GRE-in-UDP Encapsulation

Note: This ballot was opened for revision 18 and is now closed.

(Spencer Dawkins) Yes

(Mirja Kühlewind) Yes

(Jari Arkko) No Objection

(Alia Atlas) No Objection

Comment (2016-09-26 for -18)
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Thanks for the well-written document.

Deborah Brungard No Objection

(Ben Campbell) No Objection

Comment (2016-09-26 for -18)
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I'm balloting no objection, but I have a few comments that may be worth considering:

- general: The draft has a structure where you mention requirements in one section, then go into more detail in later sections. While this is a perfectly reasonable structure, it has resulted in a fair bit of redundant 2119 language. In general it's better to avoid that because it can make future updates more error prone. In this case, most of the language is consistent, so it's probably not worth changing. But there are a few cases where the language appears inconsistent, or is restated in sufficiently different ways to be potentially confusing. I've tried to call out specifics, but may have missed some.

-1, paragraph 5, first sentence: I found the sentence structure confusing. I think you mean to say that GRE-in-UDP tunnels are not safe to carry arbitrary traffic over the Internet, but it can be read to mean to say that since the internet is an arbitrary traffic environment, it's not safe to use GRE-in-UDP on it.

-1, paragraph 6: When might security not be a concern? Would it make sense to start with an assumption that security _is_ a concern, then consider situations for which it might not be?

- 6.1, paragraph 1: Previous sections said UDP checksums SHOULD be used for IPv4. Should this section be interpreted to mean that _if_ the checksum is used, it MUST be processes this way? If so, that could use clarification.

-6.2, paragraph 2: Does the allowance to use the zero-checksum in some cases violate the MUST for UDP checksums over IPv6?

-8, third paragraph:
Isn’t this just a restatement of the previous requirement that all traffic carried over default gre-in-udp tunnels must be congestion controlled?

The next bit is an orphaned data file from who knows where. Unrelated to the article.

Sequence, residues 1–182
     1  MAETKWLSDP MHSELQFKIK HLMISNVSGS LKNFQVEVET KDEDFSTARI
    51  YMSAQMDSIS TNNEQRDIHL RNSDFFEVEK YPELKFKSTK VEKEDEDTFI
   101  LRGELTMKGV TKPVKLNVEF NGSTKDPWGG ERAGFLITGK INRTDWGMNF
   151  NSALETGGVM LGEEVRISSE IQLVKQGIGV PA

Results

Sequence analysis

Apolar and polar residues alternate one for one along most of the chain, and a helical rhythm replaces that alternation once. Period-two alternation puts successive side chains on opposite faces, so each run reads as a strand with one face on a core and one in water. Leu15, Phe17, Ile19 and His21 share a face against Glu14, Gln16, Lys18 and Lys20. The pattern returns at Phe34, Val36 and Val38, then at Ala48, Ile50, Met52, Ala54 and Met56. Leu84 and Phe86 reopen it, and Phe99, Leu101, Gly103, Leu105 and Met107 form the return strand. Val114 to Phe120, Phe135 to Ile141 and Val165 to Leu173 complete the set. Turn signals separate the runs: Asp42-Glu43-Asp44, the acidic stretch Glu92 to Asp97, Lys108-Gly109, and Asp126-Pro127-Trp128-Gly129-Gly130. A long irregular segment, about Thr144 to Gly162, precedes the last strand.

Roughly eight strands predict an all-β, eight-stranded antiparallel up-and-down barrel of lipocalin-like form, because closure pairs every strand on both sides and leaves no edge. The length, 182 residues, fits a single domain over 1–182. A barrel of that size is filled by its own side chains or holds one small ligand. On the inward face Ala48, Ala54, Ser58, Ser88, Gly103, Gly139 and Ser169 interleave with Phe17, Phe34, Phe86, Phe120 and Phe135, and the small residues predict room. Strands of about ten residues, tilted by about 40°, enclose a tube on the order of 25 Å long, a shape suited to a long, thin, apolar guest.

-8, paragraph 5:
This also seems a restatement of the requirement that traffic on generic tunnels MUST be congestion controlled. Given that you probably don’t select your network path based on the nature of the data, I think it’s better stated in the original terms.

-8, last paragraph:
Do circuit-breakers really keep non congestion-controlled traffic from “escaping”, or does it mitigate the damage if it does escape?

-11, 2nd paragraph: Previous sections just said DTLS can be used if there are security concerns. This is not consistent with that. (I prefer the SHOULD to a "can")

-11, last paragraph: Is SHOULD sufficient for this case?

(Benoît Claise) No Objection

Alissa Cooper No Objection

Comment (2016-09-27 for -18)
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I agree with Ben's comments about Section 1.

(Stephen Farrell) (was Discuss) No Objection

Comment (2016-09-27 for -18)
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- Section 5: Do you need to say that (non-handshake?) traffic
that is not properly protected with DTLS MUST be discarded?

- Does 6.2(c) (in the 1st list) suggest some form of new DoS
vector? Not sure myself.

(Joel Jaeggli) No Objection

Comment (2016-09-28 for -18)
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Rick Casarez <> performed the opsdir review

(Suresh Krishnan) No Objection

(Terry Manderson) No Objection

(Kathleen Moriarty) (was Discuss) No Objection

Comment (2016-09-27 for -18)
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Thank you, Lucy for the proposed text on using encryption and DTLS.

Alvaro Retana No Objection